Petition for review re civil service

The 1987 Constitution of the Philippines, particularly Sections 2 (1) and 3 of Article XI-B, states that:
Section 2. (1) The civil service embraces all branches, subdivisions, instrumentalities and agencies of the Government, including government-owned or controlled corporations with original charters.

Section 3. The Civil Service Commission, as the central personnel agency of the Government, shall establish a career service and adopt measures to promote morale, efficiency, integrity, responsiveness, progressiveness, and courtesy in the civil service. It shall strengthen the merit and rewards system, integrate all human resources development programs for all levels and ranks, and institutionalize a management climate conducive to public accountability. It shall submit to the President and the Congress an annual report on its personnel programs.
Thus, "the CSC, as the central personnel agency of the Government, has jurisdiction over disputes involving the removal and separation of all employees of government branches, subdivisions, instrumentalities and agencies, including government-owned or controlled corporations with original charters. Simply put, it is the sole arbiter of controversies relating to the civil service."[1]

In line with the above provisions of the Constitution and its mandate as the central personnel agency of government and sole arbiter of controversies relating to the civil service, the CSC adopted Memorandum Circular No. 19, series of 1999 (MC 19), or the Revised Uniform Rules on Administrative Cases in the Civil Service. Section 4 thereof provides:
Section 4. Jurisdiction of the Civil Service Commission. — The Civil Service Commission shall hear and decide administrative cases instituted by, or brought before it, directly or on appeal, including contested appointments, and shall review decisions and actions of its offices and of the agencies attached to it.

Except as otherwise provided by the Constitution or by law, the Civil Service Commission shall have the final authority to pass upon the removal, separation and suspension of all officers and employees in the civil service and upon all matters relating to the conduct, discipline and efficiency of such officers and employees.

Pursuant to Section 5(A)(1) of MC 19, the Civil Service Commission Proper, or Commission Proper, shall have jurisdiction over decisions of Civil Service Regional Offices brought before it on petition for review. And under Section 43, "decisions of heads of departments, agencies, provinces, cities, municipalities and other instrumentalities imposing a penalty exceeding thirty days suspension or fine in an amount exceeding thirty days salary, may be appealed to the Commission Proper within a period of fifteen days from receipt thereof."[2] "Commission Proper" refers to the Civil Service Commission-Central Office.[3]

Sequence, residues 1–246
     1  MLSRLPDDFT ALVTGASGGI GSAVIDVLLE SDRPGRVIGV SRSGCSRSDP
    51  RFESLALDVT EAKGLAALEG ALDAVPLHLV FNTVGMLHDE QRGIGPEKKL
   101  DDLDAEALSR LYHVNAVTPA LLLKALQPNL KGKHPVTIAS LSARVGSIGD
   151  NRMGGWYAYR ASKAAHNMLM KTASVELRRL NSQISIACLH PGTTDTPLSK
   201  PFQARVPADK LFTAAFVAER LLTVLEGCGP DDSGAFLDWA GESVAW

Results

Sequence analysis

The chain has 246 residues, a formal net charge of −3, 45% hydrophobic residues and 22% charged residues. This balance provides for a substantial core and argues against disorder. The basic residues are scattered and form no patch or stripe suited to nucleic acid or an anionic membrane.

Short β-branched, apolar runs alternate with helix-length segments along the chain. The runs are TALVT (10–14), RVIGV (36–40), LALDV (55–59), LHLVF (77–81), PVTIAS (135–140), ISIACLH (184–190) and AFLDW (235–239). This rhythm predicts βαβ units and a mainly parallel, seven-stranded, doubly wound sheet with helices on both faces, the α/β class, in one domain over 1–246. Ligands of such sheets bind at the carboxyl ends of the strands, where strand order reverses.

It is only the decision of the Commission Proper that may be brought to the Court of Appeals on petition for review, under Section 50 of MC 19, which provides thus:

Section 50. Petition for Review with the Court of Appeals. - A party may elevate a decision of the Commission before the Court of Appeals by way of a petition for review under Rule 43 of the [1997 Rules of Civil Procedure].

Thus, in filing his petition for review directly the Court of Appeals from the Civil Service Regional Director, there would be failure to observe the principle of exhaustion of administrative remedies. Non-exhaustion of administrative remedies renders such petition premature and thus dismissible.

[1] Cabungcal v. Mayor Lorenzo, 623 Phil. 329, 338-339 (2009).

[2] It will be observed that the enumeration in Section 43 failed to include "Regional Offices". Under Section 49, "a complainant may elevate the decision of the Civil Service Regional Office dismissing a complaint for lack of a prima facie case before the Commission Proper through a Petition for Review within fifteen (15) days from the receipt of said decision." Such section mentions only "complainant". Going by these two sections, it would appear that a respondent in a decision rendered by a Regional Office would have no recourse, because MC 19 has not given him one. It is, however, absurd to assume that decisions of Regional Offices may not be appealed at all, for then they would be superior to the Commission Proper, or the courts for that matter. Thus, it must be said that Section 43 should necessarily include the decisions of Regional Offices as appealable to the Commission Proper and, in turn, ultimately subject to judicial review.

[3] Memorandum Circular No. 19, series of 1999 (MC 19), Section 2(c), on Coverage and Definition of Terms.